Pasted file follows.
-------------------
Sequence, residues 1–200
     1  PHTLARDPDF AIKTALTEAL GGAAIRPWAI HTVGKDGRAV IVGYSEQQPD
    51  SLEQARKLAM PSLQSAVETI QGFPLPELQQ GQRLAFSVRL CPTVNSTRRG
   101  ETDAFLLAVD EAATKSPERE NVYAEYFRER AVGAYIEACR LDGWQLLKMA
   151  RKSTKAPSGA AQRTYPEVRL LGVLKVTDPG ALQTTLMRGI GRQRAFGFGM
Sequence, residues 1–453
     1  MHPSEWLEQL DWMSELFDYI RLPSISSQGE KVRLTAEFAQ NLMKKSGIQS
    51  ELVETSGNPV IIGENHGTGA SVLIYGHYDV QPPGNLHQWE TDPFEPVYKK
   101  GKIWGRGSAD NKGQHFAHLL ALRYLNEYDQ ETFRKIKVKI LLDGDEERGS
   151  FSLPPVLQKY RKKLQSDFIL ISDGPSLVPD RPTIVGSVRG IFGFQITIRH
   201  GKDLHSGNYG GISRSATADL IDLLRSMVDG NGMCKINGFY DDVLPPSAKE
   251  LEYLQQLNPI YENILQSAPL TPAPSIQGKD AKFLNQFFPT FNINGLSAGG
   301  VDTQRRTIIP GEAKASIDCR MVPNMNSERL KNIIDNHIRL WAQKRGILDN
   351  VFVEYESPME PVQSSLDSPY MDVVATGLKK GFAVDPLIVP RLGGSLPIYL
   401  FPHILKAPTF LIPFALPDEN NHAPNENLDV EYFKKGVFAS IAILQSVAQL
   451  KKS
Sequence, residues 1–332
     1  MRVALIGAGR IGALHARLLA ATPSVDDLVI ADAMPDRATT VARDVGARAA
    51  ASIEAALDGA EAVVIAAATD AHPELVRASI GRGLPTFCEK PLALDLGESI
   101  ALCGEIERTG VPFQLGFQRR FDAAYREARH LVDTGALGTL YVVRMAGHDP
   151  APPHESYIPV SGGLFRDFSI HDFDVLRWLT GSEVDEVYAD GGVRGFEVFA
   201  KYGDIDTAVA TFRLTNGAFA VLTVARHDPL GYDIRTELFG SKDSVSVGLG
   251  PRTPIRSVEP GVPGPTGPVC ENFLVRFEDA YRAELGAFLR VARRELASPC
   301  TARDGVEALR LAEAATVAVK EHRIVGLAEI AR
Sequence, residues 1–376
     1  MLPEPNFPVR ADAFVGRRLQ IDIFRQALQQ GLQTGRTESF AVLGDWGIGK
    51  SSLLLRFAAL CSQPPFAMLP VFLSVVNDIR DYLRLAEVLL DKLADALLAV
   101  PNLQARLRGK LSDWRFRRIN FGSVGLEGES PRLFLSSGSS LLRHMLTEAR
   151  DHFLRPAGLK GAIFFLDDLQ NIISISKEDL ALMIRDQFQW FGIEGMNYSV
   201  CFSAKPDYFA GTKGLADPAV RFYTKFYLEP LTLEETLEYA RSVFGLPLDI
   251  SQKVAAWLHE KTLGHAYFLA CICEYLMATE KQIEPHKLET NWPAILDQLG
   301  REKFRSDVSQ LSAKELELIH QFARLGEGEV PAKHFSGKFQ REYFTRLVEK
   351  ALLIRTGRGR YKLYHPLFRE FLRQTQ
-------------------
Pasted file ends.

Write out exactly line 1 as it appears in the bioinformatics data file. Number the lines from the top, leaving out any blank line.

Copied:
Sequence, residues 1–200